The deletion of Arg-496 to Gly-518 of the C-terminus - that can form the typical positively charged amphiphilic α-helix of CaM targeting peptides - doubled the Na+/K+ selectivity ratio of the transporter which could mean that this is the specific binding site for AtCaM15 on the C-terminus . When a plant is exposed to salt stress its vacuolar pH rises [21,22] which releases AtCaM15 from the C-terminus resulting in an increased Na+/H+ exchange activity that leads to an increased vacuolar Na+ accumulation as a salt stress response .
Through DNA shuffling it was possible to generate a mutated channel - called AtNHXS1 - that showed an about 1 fold increased Na+/H+ Vmax while the K+/H+ exchange activity was not significantly altered when compared to the native form of AtNHX1 . The channel is still localized to the vacuolar membrane and when expressed in a yeast strain the cell accumulates more sodium than the native stain with AtNHX1 . AtNHXS1 consists only of 4 transmembrane helices, the C-terminus and the 5 nearest transmembrane helices were deleted, resulting in the increase in Na+/K+ selectivity ratio described previously .
Fig.2: Comparison of AtNHXS1 and AtNHX1. AtNHXS1 was generated through DNA shuffeling and lost 5 transmembrane helices and the regulatory C-terminus. This mutant of AtNHX1 is more efficient and is not negatively regulated, resulting in higher sequestration.Integrating this transporter into the vacuolar membrane of a plant could increase the salt tolerance.
AtNHXS1 also shows 2 mutations (L29P and S158P) in its amino acid sequence that might be responsible for the increased sodium transport activity and thus enable increased sodium sequestration in the vacuole .
AVP1 is a vacuolar membrane bound H+-pyrophosphatase, which is encoded by only a single gene . It hydrolyses cytosolic inorganic pyrophosphate (PPi) to orthophosphate (Pi) to use the derived energy to actively pump protons into the vacuole [24–26]. This process not only reduces the cytosolic PPi concentration, but more importantly acidifies the vacuole [27,28]. The difference in electrochemical potential for protons across the tonoplast, generated by the vacuolar H+-ATPase and AVP1, can then be used by vacuolar transporters, e.g. AtNHX1, to pump ions into the vacuole [27,29,30].
Fig.3: AVP1 uses pyrophosphate to pump protons into the vacuole thus causing acidification of this compartment. The proton gradient can be used by secondary active transporters like AtNHXS1 to pump ions into the vacuole against their concentration gradient.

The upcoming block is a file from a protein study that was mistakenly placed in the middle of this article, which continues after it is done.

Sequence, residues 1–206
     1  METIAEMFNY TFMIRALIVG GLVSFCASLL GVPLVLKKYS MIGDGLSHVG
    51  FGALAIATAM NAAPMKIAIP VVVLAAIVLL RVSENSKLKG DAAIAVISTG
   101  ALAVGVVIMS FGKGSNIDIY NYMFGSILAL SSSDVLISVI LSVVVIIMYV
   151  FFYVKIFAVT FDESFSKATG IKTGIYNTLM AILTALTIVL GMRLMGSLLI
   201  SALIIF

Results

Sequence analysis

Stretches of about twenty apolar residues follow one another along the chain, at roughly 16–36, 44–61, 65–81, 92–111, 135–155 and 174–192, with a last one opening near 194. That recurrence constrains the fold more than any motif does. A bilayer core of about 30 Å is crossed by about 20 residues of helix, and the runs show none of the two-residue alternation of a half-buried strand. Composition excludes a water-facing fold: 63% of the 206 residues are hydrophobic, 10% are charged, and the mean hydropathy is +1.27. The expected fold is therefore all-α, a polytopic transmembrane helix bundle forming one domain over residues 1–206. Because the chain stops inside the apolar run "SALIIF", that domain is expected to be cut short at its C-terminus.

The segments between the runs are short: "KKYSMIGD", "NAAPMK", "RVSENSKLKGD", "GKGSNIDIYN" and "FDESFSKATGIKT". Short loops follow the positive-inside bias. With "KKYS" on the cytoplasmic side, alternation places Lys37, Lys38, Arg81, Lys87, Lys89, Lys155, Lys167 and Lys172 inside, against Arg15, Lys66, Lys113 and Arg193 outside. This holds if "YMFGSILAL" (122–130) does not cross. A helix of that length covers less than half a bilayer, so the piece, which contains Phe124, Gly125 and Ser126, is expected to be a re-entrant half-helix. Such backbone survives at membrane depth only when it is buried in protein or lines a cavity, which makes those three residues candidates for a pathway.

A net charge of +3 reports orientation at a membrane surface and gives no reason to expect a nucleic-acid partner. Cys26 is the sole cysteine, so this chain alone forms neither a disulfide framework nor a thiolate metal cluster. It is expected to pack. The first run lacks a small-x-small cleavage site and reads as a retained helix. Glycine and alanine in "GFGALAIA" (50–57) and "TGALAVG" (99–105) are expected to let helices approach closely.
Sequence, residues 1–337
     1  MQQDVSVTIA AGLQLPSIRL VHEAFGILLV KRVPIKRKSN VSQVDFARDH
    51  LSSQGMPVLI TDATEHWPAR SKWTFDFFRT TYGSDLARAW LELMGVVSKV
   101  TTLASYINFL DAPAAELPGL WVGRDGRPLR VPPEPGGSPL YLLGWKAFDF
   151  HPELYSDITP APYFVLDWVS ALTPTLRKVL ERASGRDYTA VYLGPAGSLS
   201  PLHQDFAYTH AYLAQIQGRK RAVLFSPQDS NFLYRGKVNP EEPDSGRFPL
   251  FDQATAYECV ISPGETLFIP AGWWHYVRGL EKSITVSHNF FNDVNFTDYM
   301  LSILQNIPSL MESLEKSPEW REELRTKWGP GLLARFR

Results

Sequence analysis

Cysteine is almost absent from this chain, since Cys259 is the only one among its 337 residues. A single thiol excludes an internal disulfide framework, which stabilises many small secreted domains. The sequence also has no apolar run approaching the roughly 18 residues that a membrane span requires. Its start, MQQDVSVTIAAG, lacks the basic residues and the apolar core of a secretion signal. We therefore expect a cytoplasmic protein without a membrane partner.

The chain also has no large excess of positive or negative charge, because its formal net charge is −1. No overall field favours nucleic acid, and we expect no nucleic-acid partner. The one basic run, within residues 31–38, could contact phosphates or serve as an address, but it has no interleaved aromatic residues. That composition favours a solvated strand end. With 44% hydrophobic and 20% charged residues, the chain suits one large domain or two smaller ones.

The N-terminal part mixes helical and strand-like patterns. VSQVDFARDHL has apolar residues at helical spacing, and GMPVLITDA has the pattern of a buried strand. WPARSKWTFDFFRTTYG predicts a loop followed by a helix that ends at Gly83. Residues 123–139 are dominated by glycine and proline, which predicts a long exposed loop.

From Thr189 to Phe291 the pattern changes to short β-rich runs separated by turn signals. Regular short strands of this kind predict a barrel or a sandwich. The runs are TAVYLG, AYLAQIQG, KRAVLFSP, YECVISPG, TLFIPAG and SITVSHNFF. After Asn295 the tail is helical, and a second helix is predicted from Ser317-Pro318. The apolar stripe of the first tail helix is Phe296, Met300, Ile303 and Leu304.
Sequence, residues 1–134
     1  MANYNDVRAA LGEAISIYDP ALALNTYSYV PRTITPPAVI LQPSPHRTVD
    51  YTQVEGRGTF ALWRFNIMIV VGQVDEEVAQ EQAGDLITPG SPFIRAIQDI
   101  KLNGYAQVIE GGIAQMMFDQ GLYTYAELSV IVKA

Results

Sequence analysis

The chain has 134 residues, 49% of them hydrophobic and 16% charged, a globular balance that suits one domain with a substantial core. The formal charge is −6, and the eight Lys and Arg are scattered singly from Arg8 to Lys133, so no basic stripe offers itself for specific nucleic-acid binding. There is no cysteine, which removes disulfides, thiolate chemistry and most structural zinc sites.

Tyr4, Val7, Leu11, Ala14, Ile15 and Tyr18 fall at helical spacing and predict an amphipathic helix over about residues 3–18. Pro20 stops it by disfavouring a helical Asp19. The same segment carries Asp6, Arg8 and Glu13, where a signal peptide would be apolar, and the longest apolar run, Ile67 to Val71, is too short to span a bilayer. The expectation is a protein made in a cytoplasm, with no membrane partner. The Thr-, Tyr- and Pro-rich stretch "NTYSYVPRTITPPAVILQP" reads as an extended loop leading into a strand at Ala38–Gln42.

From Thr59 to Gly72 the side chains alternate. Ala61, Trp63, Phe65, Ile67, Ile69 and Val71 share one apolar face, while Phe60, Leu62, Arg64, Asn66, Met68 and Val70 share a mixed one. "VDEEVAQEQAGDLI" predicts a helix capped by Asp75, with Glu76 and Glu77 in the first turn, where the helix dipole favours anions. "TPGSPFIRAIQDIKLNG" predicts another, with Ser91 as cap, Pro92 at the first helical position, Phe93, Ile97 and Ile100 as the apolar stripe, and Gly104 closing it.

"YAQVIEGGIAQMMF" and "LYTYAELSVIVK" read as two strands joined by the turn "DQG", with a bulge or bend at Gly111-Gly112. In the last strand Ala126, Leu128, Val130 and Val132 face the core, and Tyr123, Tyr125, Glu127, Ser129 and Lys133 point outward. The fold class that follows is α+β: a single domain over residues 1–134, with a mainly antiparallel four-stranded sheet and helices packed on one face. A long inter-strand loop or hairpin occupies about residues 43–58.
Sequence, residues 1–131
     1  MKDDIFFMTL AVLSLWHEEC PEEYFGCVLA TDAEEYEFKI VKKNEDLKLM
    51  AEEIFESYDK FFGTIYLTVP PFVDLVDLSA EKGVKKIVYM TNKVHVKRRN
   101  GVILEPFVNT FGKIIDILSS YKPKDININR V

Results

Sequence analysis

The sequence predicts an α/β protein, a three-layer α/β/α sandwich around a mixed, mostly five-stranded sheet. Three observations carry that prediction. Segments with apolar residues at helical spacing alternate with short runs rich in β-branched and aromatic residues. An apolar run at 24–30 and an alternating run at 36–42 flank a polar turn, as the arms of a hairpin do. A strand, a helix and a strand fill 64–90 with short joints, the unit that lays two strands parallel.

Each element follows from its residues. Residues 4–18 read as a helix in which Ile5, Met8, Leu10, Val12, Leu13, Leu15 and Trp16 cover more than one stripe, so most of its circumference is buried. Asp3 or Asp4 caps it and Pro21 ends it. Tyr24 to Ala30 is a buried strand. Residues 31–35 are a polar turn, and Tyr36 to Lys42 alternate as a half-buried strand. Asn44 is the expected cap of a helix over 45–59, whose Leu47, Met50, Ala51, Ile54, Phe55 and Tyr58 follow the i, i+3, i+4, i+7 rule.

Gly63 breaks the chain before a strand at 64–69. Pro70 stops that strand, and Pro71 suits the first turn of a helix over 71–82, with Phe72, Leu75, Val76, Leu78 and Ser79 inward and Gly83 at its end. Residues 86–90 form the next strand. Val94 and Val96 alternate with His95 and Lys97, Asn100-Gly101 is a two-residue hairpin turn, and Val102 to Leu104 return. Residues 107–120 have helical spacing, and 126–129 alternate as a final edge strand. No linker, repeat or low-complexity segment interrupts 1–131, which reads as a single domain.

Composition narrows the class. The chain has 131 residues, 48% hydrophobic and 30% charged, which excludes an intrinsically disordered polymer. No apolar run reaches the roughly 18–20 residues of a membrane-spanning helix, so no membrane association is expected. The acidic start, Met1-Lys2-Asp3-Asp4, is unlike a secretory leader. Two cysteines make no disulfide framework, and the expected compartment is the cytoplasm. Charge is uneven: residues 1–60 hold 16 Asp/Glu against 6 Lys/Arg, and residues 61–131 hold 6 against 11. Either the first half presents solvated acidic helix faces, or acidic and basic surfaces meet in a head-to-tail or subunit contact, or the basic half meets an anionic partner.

AtAKT1 is a potassium channel originally from Arabidopsis thaliana root tissue. It mediates potassium uptake over a wide range of potassium concentration in the extracellular room [31–34]. While there are multiple other families of transporters involved in potassium uptake, AtAKT1 specifically is a high affinity transporter in the plasma membrane [35–37]. Since sodium has a negative effect on the efficiency of AtAKT1 , we did not combine a sodium accumulating mutant with this channel but rather created a separate mutant called NAKT. Therefore, we integrated the channel in the plasma membrane of a mutant with ENA1 and NHA1 already knocked out.
Fig.11: 2D topological structure (left) and function (right) of AtAKT1. AtAKT1 uses ATP to actively import potassium into the cytosol. CYCLN and ANKY are intracellular regulation domains. Overexpression of is channel not only increases the uptake on potassium (a nutrient) but also increases salt and drought resistance.
AtSultr1;2 encodes for a high-affinity sulfate transporter that naturally occurs in Arabidopsis thaliana and is expressed at epidermis and cortex of its roots . AtSultr1;2 belongs to a family of sulfate transporters and due to studies with mutants the AtSultr1;2 seems to be the most important one. The mutant having a AtSultr1;1-knockout showed up a phenotype similar to the wildtype while the Sultr1;2-mutant showed differences in the phenotype compared to the wildtype relating to root length, growth and sulphate uptake. This confirms the assumption that AtSultr1;2 plays a major role in the sulfate uptake system [10,9].
To reach our goal of desalinating waste water with genetically modified microorganisms we chose the yeast strain Sacharomyces cerevisiae as our preferred biological system. The wide range of genetic tools that make it possible to easily modify genes in yeast in addition to its fast growth and simple cultivation conditions make S. cerevisiae a perfect model organism . Furthermore, the natural ability of yeast to sequestrate different molecules in its large vacuole and resist huge osmotic pressure made us pick out yeast as our favourite microbe. 
But this system of locking up salts in the vacuole is not restricted to yeast, but may be implemented for other organisms. Our far-reaching aim is to transfer our system of overexpressed ion channels and eliminated efflux mechanisms to an algae species. Algae also own a vacuole to accumulate salts and do not rely on an external carbon source, because of their ability to run photosynthesis. Transferring our system to these algal cells, we would create a biological desalination system which not only is independent of external carbon sources but also reduces the carbon-dioxide concentration in its environment.